If you own a business, you’ll need a law firm to protect your interests. What do you look for? The key to finding a good legal match is to know what your company’s needs are now and likely to be in the future. As a business grows, its needs change. A start up software publisher may only need an intellectual property lawyer and someone to handle its incorporation. As a business grows, takes on additional employees and moves into its own building the owners will have to deal with real estate and employment law issues.
“The first thing is to decide if the business needs a headline grabbing national firm, mid-sized firm, small firm or solo practitioner,” says Lewis J. Pepperman, co-managing director of Stark & Stark, a 96 attorney law firm headquartered in Lawrenceville, NJ with offices in Cherry Hill, NJ and Philadelphia. “The law has become so specialized that most solo practitioners or small firms may not be able to handle many of the issues facing a growing business. Entrepreneurs have better things to do than look for a new attorney every time a different legal issue comes up.”
While the national firms with legions of lawyers and offices seemingly everywhere have the resources, they come at a price. Giant firms mean giant overhead, which a client pays for. For many businesses it’s overkill. “The client ends up paying for resources they’ll never use. If your business basically operates in New Jersey and Pennsylvania, it’s irrelevant if the law firm has offices in Beverly Hills and Atlanta.” Many mid-size firms have national capabilities, without having an office in every state.
For many businesses, a mid-sized law firms with 75 -100 attorneys makes the most sense from an economic and talent perspective. “Firms this size usually have been together a number of years and have built up a reputation. They have the depth and practice groups to provide representation in just about every area of law,” said Pepperman. “Firms such as Stark & Stark can do the same quality work as the national firms but at lower rates. The client pays for what they need.”
Pepperman advises business owners to thoroughly cross-examine their law firm candidates:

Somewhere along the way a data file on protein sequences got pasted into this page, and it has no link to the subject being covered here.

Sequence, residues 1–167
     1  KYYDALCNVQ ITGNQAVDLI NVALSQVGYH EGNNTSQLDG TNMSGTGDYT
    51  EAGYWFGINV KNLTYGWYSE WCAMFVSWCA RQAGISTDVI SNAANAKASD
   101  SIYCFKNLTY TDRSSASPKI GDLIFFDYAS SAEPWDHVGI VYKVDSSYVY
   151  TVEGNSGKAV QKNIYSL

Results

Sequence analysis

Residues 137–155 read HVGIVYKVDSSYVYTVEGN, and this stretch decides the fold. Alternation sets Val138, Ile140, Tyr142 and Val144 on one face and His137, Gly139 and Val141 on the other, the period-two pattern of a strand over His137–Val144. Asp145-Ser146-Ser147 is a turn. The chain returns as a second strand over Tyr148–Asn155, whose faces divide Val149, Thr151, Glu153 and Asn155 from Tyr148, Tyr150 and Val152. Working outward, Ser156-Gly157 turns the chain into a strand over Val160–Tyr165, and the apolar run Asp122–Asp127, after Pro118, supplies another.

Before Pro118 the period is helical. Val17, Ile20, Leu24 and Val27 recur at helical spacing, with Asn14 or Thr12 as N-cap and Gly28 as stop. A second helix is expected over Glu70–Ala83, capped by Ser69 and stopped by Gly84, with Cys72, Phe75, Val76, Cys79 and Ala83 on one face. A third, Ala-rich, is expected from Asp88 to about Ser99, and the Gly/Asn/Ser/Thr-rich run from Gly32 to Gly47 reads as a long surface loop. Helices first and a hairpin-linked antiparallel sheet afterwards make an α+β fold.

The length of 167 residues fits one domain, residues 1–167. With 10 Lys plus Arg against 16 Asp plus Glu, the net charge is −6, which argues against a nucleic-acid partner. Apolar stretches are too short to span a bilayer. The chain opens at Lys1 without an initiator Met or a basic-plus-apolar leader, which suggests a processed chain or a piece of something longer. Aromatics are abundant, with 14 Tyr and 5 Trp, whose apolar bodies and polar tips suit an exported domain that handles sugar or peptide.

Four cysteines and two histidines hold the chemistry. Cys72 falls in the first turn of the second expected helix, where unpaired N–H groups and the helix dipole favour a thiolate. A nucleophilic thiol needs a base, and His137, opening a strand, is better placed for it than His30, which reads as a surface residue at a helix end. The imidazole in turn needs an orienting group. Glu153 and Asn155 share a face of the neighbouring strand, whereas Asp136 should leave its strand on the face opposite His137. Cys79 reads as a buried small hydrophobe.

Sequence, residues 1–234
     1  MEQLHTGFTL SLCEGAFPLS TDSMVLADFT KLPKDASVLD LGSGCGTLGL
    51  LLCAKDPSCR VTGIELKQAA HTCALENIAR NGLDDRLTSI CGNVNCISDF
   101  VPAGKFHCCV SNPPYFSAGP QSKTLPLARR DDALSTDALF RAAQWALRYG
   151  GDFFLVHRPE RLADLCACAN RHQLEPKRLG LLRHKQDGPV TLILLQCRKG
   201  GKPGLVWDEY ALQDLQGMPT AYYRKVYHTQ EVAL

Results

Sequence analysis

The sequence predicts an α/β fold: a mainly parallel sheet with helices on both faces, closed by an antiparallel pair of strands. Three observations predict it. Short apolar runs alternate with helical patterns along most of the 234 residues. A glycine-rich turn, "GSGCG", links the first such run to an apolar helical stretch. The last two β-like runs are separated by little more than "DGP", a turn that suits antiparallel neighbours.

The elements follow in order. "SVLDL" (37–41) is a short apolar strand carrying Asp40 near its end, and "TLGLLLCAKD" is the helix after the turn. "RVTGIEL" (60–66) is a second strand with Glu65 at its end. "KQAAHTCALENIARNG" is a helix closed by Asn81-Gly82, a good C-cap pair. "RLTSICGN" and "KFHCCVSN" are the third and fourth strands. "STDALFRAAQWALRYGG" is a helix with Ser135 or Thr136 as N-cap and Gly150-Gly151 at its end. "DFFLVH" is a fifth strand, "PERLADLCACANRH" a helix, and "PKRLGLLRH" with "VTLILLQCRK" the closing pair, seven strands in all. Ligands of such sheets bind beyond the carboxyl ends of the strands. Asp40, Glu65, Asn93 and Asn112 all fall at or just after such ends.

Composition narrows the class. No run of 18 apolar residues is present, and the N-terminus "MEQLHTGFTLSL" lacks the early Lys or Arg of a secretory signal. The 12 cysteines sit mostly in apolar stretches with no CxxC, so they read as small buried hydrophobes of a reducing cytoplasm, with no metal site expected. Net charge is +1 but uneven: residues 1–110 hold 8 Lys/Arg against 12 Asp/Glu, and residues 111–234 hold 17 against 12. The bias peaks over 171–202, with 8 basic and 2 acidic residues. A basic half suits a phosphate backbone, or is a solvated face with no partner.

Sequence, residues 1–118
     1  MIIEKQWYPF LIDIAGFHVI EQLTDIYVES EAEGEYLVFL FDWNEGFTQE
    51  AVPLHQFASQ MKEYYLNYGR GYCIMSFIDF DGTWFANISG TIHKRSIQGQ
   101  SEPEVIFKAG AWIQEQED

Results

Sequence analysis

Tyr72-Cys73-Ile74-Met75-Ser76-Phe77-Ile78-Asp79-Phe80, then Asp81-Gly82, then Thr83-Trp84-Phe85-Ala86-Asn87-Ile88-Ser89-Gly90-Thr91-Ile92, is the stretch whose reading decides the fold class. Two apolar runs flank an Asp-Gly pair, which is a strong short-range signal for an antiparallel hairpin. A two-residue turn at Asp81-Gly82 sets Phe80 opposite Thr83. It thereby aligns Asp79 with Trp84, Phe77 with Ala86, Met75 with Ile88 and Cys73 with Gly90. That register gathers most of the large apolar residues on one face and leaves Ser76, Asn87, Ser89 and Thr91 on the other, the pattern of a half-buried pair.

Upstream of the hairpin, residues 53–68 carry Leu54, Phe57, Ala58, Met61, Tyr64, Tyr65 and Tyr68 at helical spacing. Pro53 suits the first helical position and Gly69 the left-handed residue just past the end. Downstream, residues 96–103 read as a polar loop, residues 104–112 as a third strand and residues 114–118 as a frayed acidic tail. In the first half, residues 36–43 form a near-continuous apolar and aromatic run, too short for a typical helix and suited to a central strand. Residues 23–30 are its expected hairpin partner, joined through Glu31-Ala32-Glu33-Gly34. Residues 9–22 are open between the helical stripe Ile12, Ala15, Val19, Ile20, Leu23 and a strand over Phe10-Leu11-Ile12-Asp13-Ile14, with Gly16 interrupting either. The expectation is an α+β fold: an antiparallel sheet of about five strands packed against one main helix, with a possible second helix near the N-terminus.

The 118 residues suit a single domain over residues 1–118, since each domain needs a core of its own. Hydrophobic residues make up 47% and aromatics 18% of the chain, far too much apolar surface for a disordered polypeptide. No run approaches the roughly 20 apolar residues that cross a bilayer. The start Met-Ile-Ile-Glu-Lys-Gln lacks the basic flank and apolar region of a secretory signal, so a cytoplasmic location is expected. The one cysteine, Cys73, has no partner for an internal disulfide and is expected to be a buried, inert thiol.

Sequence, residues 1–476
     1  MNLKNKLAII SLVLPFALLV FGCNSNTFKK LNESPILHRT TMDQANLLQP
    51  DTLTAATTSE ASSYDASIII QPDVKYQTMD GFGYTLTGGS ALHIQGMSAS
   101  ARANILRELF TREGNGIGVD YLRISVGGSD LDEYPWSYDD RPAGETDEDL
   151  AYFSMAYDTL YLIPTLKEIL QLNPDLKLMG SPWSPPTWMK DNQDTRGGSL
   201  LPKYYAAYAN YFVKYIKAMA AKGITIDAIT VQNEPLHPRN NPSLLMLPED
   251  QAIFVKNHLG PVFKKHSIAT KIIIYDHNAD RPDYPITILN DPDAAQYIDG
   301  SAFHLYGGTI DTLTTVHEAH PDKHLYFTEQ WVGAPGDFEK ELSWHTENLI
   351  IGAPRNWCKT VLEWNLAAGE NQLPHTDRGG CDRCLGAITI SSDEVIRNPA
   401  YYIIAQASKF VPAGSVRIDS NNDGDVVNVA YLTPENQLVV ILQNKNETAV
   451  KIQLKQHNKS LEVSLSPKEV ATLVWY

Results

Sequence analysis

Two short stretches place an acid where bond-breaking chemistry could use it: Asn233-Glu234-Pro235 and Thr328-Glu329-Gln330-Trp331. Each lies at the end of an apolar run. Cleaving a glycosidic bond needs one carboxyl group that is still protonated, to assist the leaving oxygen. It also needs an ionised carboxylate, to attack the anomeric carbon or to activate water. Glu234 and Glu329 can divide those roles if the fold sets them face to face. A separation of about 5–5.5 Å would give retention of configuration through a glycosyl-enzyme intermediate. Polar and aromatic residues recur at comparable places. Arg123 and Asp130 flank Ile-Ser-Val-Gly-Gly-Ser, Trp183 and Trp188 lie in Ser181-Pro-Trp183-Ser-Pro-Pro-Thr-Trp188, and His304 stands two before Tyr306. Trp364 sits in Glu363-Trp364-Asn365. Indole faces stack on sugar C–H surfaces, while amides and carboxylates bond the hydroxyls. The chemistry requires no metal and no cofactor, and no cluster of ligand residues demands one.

Are you familiar with my industry?
The first consideration should be the attorney’s legal skills and general experience. Is the person a quick study? Does the firm represent any of your competitors?
Who will be doing the day-to-day work on my business?
The senior partner may make the initial pitch for the business, but will have little if any involvement after that. Ask to meet the person who will actually be working on your business.
How will my business be billed?
Lawyers have become more flexible in negotiating fees. Don’t be afraid to ask for a flat fee or contingent fee on certain matters. What expenses are included in the fees and what is billed separately?
What can I do to keep my legal bills down?
Communication is the key. Don’t be afraid to ask hard questions. If it is helpful to you to receive statements twice a month, ask for it. Understanding what your lawyer is doing helps both you and your lawyer.
Will I be able to approve staffing on my business?
Make sure the experience and cost of the attorney is appropriate in relation to the value of the work being done. There are times when more than one attorney will be needed to work on a matter. Does that second attorney need to be a senior partner billing at top dollar or would an associate with a moderate level of experience fit the bill? Would you be better off with just one attorney assigned to the matter, rather than having layers of lawyers reviewing each other’s work? How many attorneys attend a deposition?
Does the firm explain legal matters in plain English?
Make sure that your law firm is willing to translate at no extra cost. If you receive a legal brief or memo, insist on a short summary… in plain English.
Looking for a lawyer is like seeking out any other business service. Do some research and don’t be afraid to ask questions. Know what you really need.